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Posted by: Michael Mandel on November 05
This morning’s productivity numbers showed a huge gain in output per hour in the third quarter—up at an annual rate of 9.5% in the nonfarm business sector.
But here’s something else. If we are to believe these numbers, the biggest financial crisis since the Great Depression has actually produced a productivity gain of 5.1% since the downturn started in the fourth quarter of 2007.
If you think that productivity has risen by 5.1% during the financial crisis, I’ve got a subprime bond to sell you.
Let me get this straight. We have a collapse of the housing and construction sector, massive layoffs in almost every part of the economy, a sharp downturn in consumer spending, and bank failures on an astonishing scale—-and the numbers show an increase in productivity?
It defies common sense.
I suggest two reasons why the numbers are off. First, as in my recent cover, companies are cutting educated workers such as scientists and engineers who are not directly involved in the immediate production process. This means a drop in important but unmeasured intangible investments in R&D, product development, training, and advertising, which are not getting picked up by the GDP statistics.
Second, and this is relevant to the DC conference mentioned in the previous post, the statistics are being greatly distorted by globalization. Let’s take a look at the computer purchases and supply, as reported by BEA.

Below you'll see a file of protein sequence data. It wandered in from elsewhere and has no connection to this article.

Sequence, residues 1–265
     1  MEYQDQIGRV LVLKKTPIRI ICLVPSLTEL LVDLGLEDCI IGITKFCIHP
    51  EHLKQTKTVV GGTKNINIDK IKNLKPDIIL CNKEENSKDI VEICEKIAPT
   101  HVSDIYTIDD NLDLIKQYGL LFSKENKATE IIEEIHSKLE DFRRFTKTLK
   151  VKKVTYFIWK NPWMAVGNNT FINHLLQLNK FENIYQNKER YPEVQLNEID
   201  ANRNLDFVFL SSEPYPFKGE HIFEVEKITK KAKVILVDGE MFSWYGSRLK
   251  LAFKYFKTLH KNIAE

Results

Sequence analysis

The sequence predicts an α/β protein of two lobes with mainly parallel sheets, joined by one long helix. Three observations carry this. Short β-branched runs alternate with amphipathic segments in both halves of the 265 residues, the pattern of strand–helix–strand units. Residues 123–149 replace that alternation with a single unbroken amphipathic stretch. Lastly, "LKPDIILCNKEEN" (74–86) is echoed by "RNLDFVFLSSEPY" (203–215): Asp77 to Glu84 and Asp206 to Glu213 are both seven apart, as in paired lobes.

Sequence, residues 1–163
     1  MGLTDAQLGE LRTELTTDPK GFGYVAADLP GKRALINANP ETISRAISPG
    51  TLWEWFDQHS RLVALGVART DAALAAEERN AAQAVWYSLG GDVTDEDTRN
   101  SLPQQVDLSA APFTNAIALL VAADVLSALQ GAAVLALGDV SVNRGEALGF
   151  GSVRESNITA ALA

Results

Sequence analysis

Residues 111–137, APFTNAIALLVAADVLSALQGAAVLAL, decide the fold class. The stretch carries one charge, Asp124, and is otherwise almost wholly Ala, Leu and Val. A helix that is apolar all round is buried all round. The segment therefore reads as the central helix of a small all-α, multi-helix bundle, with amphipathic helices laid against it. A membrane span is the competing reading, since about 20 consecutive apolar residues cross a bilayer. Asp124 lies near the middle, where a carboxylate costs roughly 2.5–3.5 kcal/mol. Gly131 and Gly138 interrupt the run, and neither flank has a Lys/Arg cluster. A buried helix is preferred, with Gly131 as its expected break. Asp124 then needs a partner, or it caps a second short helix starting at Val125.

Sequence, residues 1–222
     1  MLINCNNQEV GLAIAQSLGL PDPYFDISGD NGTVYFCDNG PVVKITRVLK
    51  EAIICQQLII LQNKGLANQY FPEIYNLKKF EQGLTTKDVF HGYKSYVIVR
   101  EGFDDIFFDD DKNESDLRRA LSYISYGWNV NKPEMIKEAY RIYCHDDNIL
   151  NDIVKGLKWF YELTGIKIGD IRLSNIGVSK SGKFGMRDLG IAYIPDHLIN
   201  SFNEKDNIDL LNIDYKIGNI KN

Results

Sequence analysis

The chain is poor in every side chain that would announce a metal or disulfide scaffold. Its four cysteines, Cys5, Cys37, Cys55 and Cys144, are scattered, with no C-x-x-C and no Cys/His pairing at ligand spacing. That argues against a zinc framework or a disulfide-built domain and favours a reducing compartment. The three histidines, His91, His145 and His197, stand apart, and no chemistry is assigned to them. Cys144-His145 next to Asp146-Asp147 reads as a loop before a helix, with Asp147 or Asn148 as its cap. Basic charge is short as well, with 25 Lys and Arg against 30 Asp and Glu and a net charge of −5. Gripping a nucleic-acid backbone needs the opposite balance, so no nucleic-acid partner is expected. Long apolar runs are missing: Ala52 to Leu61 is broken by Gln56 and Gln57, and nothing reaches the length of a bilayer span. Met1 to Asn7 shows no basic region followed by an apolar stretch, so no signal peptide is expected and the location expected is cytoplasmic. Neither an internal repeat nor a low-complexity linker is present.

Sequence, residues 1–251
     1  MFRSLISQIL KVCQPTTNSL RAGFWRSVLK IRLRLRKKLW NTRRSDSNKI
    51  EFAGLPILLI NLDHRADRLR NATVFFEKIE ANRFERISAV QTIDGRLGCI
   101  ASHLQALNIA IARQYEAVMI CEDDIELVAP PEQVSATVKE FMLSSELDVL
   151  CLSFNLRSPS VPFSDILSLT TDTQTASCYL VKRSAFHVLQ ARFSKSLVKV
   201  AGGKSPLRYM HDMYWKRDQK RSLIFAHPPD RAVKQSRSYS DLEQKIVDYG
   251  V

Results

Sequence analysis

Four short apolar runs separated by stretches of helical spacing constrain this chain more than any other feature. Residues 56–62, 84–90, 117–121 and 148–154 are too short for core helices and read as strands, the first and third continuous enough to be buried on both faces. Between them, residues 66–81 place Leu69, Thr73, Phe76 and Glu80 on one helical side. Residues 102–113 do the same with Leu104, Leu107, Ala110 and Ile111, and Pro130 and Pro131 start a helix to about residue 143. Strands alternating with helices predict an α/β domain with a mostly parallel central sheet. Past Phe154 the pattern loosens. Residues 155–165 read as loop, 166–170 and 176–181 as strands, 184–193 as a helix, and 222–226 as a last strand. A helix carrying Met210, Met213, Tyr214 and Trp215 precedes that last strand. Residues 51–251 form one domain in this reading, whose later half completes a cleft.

According to the BEA’s number, final sales of U.S.-produced computers has *risen* by 3.9% since 07IV, while imports of computers have *fallen* by 1.5%. Over the same stretch, employment in the computer industry has fallen by 12.5%. Being incredibly simple-minded, that would suggest that productivity in the U.S. computer industry has risen by about 19% in the downturn. Not bad, if true!
But there’s a problem. According to the BEA’s stats, the price of imported computers has fallen by 9.6% since the end of 2007, while the price of computers to consumers has fallen by 22.2%.
That doesn’t make sense. It’s far more likely, as I argued here, that the import price stats are mismeasured.
If we assume that import computer prices really fell at the same rate as domestic consumption, that would mean import growth is really faster, and domestic output growth is slower, as is productivity growth. By my back of the envelope calculation, the effect on computer industry productivity growth is potentially huge (I’ll give the details later after I have had a chance to check them). This sort of calculation extends to the rest of the economy, though less dramatically.
So for these two reasons, I am quite skeptical of the proposition that the financial crisis has increased output per hour.
Michael Mandel, BW's award-winning chief economist, provides his unique perspective on the hot economic issues of the day. From globalization to the future of work to the ups and downs of the financial markets, Mandel-named 2006 economic journalist of the year by the World Leadership Forum-offers cutting edge analysis and commentary.